Little is known of Miles Mason’s early life except that he was born in 1752 in Dent in the West Riding of Yorkshire. As a young man he worked as a clerk for his Uncle Bailey of Frog Hall, Chigwell Row in London, who was a stationer. By chance, his next door neighbour was Richard Farrar, a prosperous glass and china merchant who sold mainly porcelain imported from China. Farrar’s daughter, Ruth, was only nine when her father died in 1775. She inherited his vast estate, which included a personal fortune in excess of $55,000. Seven years later, when she was 16, Miles married her, and together they had four children, a daughter, Ann Ruth, and three sons William, George
Miles Mason began his career in ceramics as a retailer in his late father-in-law's business. There he made contact with the Staffordshire master potters whose products he sold, and it was not long before he became involved in manufacturing. His timing could not have been better. The East India Company had always sold their imported porcelain twice yearly auctions in London. In the late eighteenth century, these were dominated by the “ring”, a consortium of dealers getting together to suppress prices. By not bidding against each other, the dealers purchased the porcelain cheaply then ‘knocked it out’ to the highest bidder within the ring. Due to this and to the effects of the Napoleonic wars upon trade and the economy in 1791 the East India Company decided to dispense with the auction side of its business.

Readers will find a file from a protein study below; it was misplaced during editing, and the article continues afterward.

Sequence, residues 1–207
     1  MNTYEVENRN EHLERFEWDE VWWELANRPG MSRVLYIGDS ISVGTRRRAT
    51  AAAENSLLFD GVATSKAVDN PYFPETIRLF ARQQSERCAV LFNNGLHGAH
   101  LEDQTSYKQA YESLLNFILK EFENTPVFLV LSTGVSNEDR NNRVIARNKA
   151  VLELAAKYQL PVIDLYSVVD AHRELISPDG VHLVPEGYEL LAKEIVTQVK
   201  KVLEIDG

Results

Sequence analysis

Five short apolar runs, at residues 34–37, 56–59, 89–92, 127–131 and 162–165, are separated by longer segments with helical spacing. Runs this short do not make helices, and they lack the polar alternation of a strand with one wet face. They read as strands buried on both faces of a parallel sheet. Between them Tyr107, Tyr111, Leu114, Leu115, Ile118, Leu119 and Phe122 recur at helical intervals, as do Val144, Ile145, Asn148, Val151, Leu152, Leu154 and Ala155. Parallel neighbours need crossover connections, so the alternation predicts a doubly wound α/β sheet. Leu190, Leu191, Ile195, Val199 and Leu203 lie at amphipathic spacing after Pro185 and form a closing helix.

This created a wonderful opportunity for English manufacturers to fill the gap and increase the production of ceramics with an oriental appeal. In 1796 Miles entered into a partnership with the experienced porcelain manufacturer Thomas Wolfe of Liverpool, and then in the same year took another partnership with George Wolfe at the Victoria Works in Lane Delph, producing fine earthenware. Miles thus assured himself of a continuous supply of earthenware and porcelain for his retail business in London. Both of these partnerships ceased in 1800 but Miles kept the Victoria Works for himself and started to produce his own porcelain which continued until 1807. During this time he moved his family from London to a house next door to the Victoria Works.
His business prospered and within three years Miles had moved to much larger premises, the Mivera Works, where, from 1807 until 1813, Miles produced porcelain to a very high standard and it was here with the assistance of his three sons he experimented on new clays and produced an earthenware called Ironstone China.
Miles retired from the business in June 1813 when the business was taken over by his sons to Liverpool and died there in 1822, having succeeded in a career that saw the introduction of a product that would make the family name of Mason’s one of the most important in the history of English Ceramics.